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Issue #844: September 24-30, 2023

Q: This may not be in your wheelhouse but here goes. I used Fitbit for several years to lose weight. When I went off of it, of course, I gained. I would like to print off my food logs from 8/1/19 thru 3/9/21. I tried to do this but could not understand the downloaded file, so I deleted it. Is there a way to download this info from my iPhone? Everything is listed there but I have to do a lot of scrolling in order to read it. Thank you for your help (If you can!)

 – Diane M.
Destin, Florida

A: Challenge accepted, Diane!  Actually, if you’ve been reading my column for any serious amount of the 16-plus years that it’s been publishing, you’ve surely seen me say that I welcome questions that extend through the whole gamut of technology – not just computers and/or Windows.  That would include your issue with your Fitbit.

I just happen to have some experience with Fitbit, since, like you, I am a former Fitbit user.  However, unlike you, I only stopped using mine when I graduated to an Apple Watch.  Also, unlike you, I never had any desire to download any of the data that Fitbit had accumulated on me over the time I was actively using it.  So, I did a little research for you, which I’ll get to in a minute.

The relationship between the actual Fitbit device and the Fitbit app can be a little confusing if you don’t understand how these things work.  To throw a PC into the mix just makes the whole thing even harder to comprehend.  Nevertheless, let’s try and shed some light on this whole thing.

A Fitbit is a type of wearable technology loosely referred to as an activity tracker.  One of the most common uses for such a device is tracking one’s daily steps, the goal being to help improve health and fitness.  Depending on the model, Fitbits are also capable of tracking everything from heart rate and breathing rate to patterns of sleep, including duration of rapid eye movement (REM) sleep.  As if that’s not enough to pack into one little device, some Fitbits are also media players, allowing you to take your tunes or podcasts along on your workout without an additional device.  Handily, they’re also a stylish (depending on whom you ask) digital watch.

The Fitbit itself is just the sensor.  That is to say, it is what senses the data you want to track.  It buffers it temporarily, but its ultimate job is to upload it to an app running on a smartphone or tablet – most commonly via a wireless Bluetooth link.  This is where we start to approach your configuration.  According to your description, you had (have?) yours tethered to an iPhone.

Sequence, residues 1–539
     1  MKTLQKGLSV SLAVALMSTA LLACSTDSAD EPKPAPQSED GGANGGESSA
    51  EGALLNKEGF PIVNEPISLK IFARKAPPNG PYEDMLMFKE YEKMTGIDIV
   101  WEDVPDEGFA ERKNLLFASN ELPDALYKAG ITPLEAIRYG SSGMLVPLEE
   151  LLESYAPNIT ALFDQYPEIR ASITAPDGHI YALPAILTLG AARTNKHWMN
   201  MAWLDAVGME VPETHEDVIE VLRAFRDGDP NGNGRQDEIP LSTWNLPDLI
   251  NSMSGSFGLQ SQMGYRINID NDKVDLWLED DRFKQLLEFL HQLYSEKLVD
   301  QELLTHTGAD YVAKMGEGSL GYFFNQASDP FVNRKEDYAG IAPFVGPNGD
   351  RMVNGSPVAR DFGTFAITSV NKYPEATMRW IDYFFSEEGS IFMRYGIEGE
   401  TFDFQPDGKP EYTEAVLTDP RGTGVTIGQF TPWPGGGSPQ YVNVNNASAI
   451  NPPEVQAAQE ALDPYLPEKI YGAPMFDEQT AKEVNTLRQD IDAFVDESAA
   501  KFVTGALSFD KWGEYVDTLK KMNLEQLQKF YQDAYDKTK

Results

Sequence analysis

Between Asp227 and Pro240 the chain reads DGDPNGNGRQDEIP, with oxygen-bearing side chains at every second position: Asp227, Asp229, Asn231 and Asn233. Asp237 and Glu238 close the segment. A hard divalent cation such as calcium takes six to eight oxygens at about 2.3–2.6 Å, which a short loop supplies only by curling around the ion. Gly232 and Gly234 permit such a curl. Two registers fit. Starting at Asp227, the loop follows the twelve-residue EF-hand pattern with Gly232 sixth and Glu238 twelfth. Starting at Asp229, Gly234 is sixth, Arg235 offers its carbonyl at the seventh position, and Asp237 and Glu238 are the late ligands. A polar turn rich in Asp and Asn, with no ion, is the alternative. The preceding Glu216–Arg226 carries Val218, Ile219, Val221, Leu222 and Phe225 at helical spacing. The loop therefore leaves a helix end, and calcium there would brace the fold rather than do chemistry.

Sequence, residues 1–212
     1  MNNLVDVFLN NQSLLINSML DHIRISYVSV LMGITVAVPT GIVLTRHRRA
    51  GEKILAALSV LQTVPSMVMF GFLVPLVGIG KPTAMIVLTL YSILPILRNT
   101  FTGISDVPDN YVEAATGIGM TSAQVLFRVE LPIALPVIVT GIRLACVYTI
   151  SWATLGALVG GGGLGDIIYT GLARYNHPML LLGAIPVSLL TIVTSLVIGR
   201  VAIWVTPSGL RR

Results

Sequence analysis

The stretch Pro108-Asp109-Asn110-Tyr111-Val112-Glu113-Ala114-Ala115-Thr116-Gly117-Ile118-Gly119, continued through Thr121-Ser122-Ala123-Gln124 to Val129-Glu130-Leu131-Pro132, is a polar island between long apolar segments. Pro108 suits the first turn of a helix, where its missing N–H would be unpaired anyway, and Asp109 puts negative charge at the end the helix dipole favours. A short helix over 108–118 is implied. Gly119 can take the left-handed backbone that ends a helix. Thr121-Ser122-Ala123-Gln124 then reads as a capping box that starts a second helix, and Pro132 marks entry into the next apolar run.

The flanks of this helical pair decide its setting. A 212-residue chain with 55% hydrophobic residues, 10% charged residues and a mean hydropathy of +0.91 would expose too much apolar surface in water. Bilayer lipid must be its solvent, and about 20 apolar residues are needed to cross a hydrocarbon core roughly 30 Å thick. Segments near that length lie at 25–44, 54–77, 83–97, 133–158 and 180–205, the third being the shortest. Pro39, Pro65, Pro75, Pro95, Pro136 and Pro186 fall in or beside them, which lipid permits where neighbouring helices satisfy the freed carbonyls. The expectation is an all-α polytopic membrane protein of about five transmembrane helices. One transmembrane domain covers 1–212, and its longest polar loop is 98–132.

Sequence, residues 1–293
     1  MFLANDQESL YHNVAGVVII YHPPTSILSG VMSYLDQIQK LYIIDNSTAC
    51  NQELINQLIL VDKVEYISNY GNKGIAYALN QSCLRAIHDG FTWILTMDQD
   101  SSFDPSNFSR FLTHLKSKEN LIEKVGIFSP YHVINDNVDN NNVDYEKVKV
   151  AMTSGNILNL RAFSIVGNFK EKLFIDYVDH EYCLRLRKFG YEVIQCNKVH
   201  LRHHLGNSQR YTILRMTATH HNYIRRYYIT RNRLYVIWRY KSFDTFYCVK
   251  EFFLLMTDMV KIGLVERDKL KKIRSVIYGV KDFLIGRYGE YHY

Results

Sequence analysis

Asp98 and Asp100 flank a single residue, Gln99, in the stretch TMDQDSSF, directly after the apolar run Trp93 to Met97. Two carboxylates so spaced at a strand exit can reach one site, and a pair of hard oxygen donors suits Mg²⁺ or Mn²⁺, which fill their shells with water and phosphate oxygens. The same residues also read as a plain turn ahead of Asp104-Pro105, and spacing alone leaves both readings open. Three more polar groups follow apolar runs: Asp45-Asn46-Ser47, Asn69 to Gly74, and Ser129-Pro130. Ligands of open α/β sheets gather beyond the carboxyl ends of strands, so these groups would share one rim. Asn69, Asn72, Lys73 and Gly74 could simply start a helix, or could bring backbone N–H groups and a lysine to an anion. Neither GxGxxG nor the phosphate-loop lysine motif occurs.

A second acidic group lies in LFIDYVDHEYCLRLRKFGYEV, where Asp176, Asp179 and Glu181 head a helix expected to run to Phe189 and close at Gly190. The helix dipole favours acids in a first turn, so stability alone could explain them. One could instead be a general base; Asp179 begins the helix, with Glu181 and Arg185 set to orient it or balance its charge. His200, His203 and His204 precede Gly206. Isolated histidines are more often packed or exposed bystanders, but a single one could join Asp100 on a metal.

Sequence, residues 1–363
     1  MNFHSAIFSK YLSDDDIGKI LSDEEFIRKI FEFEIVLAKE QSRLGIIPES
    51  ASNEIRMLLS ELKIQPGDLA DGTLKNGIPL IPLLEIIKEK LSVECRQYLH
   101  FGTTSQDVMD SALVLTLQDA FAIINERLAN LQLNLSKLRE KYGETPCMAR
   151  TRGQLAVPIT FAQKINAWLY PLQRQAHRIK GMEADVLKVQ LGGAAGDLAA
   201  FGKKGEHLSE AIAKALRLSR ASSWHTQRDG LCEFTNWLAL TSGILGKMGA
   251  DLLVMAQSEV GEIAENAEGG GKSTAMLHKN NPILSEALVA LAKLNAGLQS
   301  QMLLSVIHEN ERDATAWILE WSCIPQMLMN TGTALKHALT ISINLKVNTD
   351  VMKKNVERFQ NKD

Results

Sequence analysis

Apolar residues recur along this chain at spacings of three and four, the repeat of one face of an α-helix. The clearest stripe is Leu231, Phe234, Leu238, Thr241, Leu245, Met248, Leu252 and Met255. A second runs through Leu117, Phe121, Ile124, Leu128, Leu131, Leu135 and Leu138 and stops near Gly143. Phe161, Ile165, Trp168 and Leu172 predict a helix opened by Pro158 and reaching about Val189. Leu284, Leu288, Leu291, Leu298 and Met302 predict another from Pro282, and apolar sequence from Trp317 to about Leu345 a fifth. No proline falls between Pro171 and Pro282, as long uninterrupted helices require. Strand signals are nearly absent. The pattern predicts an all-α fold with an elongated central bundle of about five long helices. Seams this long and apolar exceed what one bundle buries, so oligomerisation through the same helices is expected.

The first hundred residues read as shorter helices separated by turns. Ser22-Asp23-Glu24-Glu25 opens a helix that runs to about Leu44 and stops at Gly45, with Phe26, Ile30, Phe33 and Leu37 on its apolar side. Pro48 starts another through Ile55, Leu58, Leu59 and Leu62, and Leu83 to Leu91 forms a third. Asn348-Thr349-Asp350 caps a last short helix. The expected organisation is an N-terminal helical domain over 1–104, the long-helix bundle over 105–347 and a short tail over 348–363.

There is a vast amount of data generated during workouts, so after seven days, it is converted into a daily total, which is stored for an additional 23 days.  After that, the data must be sync’d to your device, or it’s lost.  When you perform a sync, the data are uploaded to your Fitbit Dashboard, and stored on Fitbit’s servers, which is hopefully where everything is currently residing.  So, while the device containing the data may change shape and size, the data are still the data, just waiting for you to go get it.

It’s important to note that data isn’t available if it’s been deleted.  That may sound like a no-brainer, but many people assume their data will always be there in perpetuity, but that’s just not the case.  I don’t know for certain if Fitbit has a maximum retention period for your data, or if your account goes away after a period of non-use.  I’m afraid you’ll have to find out the answers to these questions the hard way, Diane.

Assuming the data are in your Fitbit account, you can export everything by logging into your Fitbit account.  Click the gear icon, then click Settings then Data Export.  Under Export Your Account Archive click Request Data.  To me, it gets a little weird at this point, as Fitbit will send you an e-mail at the address you associated with the account.  This is very likely a multi-factor authentication step intended to protect your privacy.  So, from within the e-mail click the link to confirm your export request. After that, you’ll receive another e-mail with a link where you can download your data.  Click it to download and save the data to your computer. You’ll probably wind up with a Fitbit *.tcx file, which is nothing more than a .zip file with the extension changed.  Change it back to .zip, and you’ll be able to browse the file contents in Windows.

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